The European Union wants to find a way to give businesses a single number for the whole E.U.
On Monday, the European Commission launched a pubic consultation to ask businesses, consumers, telecom operators and public authorities what benefits would result from allowing businesses to use the same telephone number in all member states. The news comes as the previous effort to do this, the European Telephone Numbering Space (ETNS), expires at the end of the month.
ETNS was set up in 2000, but the telephony landscape has changed significantly since then, with voice-over-IP allowing businesses to rely on a single number. The consultation will help the Commission assess if there is nonetheless demand for pan-E.U. fixed line phone numbers.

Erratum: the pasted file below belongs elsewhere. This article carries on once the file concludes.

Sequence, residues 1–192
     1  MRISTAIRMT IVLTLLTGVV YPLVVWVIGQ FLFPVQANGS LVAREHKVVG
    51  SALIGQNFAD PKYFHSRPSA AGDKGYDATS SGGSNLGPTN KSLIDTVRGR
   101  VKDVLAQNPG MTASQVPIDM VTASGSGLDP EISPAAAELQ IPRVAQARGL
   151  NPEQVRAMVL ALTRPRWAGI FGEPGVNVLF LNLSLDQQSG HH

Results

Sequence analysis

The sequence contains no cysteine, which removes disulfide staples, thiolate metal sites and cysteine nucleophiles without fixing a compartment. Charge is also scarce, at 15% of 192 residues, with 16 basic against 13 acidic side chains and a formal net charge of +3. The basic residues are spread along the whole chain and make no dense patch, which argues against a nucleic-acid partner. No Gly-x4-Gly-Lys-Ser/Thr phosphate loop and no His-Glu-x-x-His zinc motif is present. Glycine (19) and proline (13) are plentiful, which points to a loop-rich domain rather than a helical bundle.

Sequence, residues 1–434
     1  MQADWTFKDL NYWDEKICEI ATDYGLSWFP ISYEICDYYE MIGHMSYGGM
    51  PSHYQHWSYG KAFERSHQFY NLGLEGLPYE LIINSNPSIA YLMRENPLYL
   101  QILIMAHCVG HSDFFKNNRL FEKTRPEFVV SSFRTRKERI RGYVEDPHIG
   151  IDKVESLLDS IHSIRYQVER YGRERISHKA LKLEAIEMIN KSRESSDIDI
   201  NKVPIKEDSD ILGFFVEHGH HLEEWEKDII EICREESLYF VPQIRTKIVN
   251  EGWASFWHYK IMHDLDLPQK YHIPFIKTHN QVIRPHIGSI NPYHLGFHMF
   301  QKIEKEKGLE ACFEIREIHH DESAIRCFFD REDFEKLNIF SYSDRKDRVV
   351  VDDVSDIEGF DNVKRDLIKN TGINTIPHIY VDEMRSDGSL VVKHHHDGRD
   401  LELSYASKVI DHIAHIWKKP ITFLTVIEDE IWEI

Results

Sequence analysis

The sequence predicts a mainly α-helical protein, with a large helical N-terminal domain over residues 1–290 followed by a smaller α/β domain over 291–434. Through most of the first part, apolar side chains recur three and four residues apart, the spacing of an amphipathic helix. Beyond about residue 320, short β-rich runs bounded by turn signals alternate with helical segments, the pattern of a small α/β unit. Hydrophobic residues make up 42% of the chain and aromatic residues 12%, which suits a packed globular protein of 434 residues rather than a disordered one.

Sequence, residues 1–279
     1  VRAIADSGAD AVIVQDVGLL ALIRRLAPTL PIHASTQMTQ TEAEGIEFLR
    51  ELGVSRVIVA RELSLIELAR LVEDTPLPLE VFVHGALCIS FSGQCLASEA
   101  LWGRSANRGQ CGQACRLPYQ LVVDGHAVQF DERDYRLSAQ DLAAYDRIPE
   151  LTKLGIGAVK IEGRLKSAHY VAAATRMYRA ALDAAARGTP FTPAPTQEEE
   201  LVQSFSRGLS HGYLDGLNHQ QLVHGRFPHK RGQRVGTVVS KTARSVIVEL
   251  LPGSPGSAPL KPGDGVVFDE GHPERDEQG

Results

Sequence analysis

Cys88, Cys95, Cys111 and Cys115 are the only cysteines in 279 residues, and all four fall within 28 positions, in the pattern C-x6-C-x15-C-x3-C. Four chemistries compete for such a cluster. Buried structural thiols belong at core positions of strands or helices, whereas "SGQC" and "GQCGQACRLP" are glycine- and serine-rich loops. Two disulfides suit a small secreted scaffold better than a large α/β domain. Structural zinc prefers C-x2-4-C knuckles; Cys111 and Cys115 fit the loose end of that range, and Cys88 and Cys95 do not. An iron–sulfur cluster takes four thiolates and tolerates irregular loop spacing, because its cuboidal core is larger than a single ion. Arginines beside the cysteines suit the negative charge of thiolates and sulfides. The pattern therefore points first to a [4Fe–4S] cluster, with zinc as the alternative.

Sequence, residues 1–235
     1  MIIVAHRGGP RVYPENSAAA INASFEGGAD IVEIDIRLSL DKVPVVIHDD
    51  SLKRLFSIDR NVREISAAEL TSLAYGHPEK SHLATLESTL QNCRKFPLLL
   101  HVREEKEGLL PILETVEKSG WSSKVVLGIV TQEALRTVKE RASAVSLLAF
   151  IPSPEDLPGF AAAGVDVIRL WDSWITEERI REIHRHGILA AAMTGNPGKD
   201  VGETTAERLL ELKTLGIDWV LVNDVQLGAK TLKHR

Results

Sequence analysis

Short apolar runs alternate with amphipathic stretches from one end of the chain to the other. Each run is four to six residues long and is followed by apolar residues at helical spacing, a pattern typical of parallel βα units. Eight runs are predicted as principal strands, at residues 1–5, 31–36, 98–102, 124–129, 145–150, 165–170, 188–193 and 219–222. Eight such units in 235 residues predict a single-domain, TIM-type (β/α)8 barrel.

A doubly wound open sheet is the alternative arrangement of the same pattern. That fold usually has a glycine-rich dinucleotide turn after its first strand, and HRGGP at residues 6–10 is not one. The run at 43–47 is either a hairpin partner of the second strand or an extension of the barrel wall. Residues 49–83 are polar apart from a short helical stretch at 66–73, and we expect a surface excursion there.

The feedback will also help the Commission decide how any such number could be implemented. There are two possible approaches to create harmonized numbering for businesses. One option could be introducing an E.U.-wide short number (e.g. starting with 115) that would be the single identifier for a company throughout Europe. Another route would be to introduce measures to promote the take-up of a European telephone access code (+3883). Businesses telephone numbers could consist of the +3883 code plus a telephone number that would remain the same in all member states.
Currently there is no E.U.-wide number available for businesses. This creates extra costs for businesses and consumers and hampers the development of the single market.
Those who want to have their say, have until Feb. 28 to send their feedback to the Commission.